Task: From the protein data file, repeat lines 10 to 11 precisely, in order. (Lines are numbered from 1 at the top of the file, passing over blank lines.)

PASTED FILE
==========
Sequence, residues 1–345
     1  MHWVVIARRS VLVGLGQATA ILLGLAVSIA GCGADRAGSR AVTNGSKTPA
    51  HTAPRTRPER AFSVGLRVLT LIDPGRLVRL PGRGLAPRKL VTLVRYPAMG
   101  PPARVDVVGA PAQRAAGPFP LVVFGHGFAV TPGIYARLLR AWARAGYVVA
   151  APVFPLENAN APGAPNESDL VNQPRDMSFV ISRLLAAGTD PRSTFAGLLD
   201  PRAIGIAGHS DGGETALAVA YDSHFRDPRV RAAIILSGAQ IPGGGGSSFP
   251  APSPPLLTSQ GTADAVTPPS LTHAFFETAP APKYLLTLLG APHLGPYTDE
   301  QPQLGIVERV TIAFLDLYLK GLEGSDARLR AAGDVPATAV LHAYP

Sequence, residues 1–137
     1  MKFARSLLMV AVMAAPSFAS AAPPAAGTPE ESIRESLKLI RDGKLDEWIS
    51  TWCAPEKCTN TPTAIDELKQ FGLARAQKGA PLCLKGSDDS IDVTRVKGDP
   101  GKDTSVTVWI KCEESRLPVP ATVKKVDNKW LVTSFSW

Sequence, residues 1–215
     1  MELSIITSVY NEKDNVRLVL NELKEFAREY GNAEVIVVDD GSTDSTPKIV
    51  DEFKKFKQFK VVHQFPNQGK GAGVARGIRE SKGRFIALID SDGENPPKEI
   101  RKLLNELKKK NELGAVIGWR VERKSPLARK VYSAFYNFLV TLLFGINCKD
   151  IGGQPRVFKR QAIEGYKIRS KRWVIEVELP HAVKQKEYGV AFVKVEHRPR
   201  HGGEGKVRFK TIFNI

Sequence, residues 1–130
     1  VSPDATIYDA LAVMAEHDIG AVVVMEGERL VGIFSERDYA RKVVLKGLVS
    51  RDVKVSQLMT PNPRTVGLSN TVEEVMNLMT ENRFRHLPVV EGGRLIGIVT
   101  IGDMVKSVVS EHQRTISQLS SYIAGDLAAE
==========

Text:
     1  MKFARSLLMV AVMAAPSFAS AAPPAAGTPE ESIRESLKLI RDGKLDEWIS
    51  TWCAPEKCTN TPTAIDELKQ FGLARAQKGA PLCLKGSDDS IDVTRVKGDP